|US4087594||Mar 21, 1977||May 2, 1978||Gte Laboratories, Incorporated||Reactivation of primary electrochemical cells|
|US4517736||Mar 21, 1984||May 21, 1985||Gte Communications Products Corp.||Method of fabrication of an electrochemical cell|
|US4842964||Mar 21, 1988||Jun 27, 1989||Aluminum Company Of America||In-situ electrolyte storage for batteries|
|US4968567 *||Jul 31, 1989||Nov 6, 1990||Honeywell Inc.||Reserve activated electrochemical cell with a cell condition checking apparatus|
|US5287554 *||Aug 21, 1991||Feb 15, 1994||Mitsubishi Denki Kabushiki Kaisha||Portable radio communication equipment|
|US5399444 *||Sep 30, 1993||Mar 21, 1995||The United States Of America As Represented By The Secretary Of The Navy||Encapsulated dry electrolyte composition for time release into a solute|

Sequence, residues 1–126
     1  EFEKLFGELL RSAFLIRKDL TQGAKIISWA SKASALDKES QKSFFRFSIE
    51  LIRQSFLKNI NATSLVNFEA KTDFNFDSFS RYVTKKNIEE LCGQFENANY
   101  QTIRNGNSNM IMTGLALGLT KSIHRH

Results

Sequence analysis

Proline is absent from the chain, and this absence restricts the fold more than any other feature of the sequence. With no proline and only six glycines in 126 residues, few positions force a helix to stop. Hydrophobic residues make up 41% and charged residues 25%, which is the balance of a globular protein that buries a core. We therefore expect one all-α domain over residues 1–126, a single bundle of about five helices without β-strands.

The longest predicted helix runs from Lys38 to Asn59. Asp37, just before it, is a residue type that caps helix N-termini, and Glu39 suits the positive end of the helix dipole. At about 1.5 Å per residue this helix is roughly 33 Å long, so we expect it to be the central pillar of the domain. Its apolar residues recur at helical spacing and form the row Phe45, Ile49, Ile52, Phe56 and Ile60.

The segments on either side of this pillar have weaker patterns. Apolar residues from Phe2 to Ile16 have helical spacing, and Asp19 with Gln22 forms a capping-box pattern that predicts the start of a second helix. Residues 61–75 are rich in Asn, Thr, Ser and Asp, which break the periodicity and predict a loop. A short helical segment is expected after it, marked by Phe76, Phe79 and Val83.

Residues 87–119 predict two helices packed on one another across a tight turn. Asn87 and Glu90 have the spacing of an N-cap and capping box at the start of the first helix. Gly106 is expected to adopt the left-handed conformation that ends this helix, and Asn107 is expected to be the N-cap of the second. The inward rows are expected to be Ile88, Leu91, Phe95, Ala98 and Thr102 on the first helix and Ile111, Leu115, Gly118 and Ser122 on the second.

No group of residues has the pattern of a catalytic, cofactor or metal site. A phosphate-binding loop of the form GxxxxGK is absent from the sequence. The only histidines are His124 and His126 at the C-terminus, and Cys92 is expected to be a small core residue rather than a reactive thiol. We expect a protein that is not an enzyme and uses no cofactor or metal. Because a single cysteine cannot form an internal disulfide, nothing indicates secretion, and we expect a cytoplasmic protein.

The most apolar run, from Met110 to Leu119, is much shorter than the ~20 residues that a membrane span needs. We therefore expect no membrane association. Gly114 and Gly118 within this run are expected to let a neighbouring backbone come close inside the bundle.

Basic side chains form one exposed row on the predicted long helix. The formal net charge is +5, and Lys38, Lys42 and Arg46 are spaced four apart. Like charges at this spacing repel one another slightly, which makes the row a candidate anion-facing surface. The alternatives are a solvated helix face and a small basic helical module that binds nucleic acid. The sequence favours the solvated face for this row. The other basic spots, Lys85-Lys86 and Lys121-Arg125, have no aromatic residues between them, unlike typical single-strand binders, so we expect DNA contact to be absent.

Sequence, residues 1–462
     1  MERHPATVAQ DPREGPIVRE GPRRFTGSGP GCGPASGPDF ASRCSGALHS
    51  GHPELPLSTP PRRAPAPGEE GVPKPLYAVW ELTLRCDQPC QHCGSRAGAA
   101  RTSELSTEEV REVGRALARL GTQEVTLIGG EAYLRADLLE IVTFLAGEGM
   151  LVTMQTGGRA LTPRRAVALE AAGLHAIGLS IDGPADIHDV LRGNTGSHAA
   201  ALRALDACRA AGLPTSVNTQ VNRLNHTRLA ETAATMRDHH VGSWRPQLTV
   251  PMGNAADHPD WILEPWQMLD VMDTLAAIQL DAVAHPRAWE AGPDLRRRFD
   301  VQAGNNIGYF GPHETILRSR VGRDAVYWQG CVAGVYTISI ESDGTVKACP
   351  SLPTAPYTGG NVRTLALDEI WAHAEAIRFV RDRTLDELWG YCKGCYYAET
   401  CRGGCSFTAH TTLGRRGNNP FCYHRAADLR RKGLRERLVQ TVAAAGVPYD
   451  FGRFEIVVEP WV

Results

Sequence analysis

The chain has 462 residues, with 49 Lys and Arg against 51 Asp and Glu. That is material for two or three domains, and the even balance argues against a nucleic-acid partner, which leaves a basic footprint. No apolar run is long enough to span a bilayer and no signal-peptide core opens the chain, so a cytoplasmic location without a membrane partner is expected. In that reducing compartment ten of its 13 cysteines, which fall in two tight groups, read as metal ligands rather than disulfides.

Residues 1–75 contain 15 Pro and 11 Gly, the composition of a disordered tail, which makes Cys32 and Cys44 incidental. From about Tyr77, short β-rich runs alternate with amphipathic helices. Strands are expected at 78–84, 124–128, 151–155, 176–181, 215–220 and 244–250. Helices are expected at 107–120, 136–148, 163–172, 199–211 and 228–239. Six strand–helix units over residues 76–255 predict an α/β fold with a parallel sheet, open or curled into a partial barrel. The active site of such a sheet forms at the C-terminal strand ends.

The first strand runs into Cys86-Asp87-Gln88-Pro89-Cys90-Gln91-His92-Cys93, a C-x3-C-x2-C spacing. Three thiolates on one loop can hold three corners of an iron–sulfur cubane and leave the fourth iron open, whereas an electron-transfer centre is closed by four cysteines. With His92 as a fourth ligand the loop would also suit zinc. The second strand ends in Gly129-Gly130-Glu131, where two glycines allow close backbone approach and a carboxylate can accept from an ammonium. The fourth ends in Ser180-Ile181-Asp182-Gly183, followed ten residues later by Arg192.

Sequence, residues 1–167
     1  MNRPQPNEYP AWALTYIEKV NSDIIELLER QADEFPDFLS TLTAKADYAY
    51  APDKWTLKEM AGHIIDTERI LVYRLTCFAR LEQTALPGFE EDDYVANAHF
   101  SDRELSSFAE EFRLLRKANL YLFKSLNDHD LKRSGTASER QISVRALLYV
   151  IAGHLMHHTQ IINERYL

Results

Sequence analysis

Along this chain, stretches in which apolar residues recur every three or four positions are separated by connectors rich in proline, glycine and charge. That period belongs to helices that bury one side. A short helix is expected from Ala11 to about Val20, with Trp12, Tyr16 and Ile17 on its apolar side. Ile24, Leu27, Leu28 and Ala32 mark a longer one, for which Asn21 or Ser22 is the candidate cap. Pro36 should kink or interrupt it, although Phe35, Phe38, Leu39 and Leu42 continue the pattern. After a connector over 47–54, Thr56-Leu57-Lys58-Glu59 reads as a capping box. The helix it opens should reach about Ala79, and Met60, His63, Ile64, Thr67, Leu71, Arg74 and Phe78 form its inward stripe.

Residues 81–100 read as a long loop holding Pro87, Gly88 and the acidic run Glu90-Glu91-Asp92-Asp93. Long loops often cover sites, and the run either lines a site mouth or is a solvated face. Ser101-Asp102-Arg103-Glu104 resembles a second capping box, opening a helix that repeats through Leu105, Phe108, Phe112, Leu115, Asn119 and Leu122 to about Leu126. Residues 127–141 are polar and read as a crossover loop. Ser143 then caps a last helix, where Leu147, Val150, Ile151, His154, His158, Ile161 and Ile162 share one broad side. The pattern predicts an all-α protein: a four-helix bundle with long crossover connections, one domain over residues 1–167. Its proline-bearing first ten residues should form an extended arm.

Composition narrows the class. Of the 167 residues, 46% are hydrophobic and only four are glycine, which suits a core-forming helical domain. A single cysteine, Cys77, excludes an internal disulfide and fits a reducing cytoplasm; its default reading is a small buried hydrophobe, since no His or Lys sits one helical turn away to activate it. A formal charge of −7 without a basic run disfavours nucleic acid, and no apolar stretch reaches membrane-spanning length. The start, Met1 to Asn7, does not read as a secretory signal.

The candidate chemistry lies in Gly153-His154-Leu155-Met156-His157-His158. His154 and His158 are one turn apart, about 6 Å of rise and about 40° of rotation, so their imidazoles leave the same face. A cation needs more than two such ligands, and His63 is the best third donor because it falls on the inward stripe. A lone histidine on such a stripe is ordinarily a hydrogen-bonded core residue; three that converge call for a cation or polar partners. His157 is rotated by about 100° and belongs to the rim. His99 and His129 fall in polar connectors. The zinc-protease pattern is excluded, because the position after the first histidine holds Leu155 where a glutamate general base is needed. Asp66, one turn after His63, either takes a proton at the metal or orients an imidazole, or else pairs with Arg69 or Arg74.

|US5445901 *||Aug 5, 1994||Aug 29, 1995||Electric Fuel (E.F.L.) Ltd.||Zinc-oxygen battery|
|US5656876||Nov 15, 1995||Aug 12, 1997||Nokia Mobile Phones Limited||Battery pack|
|US5928809 *||Oct 27, 1997||Jul 27, 1999||Ju; Ming Lang||Battery holder for a mobile telephone|
|GB1298812A||Title not available|
|GB1439756A||Title not available|
|GB1505646A *||Title not available|
|JPS566384A *||Title not available|
|Citing Patent||Filing date||Publication date||Applicant||Title|
|US8168337||May 1, 2012||Arizona Board Of Regents For And On Behalf Of Arizona State University||Electrochemical cell, and particularly a metal fueled cell with non-parallel flow|
|US8309259||Nov 13, 2012||Arizona Board Of Regents For And On Behalf Of Arizona State University||Electrochemical cell, and particularly a cell with electrodeposited fuel|
|US8492052||Oct 8, 2010||Jul 23, 2013||Fluidic, Inc.||Electrochemical cell with spacers for flow management system|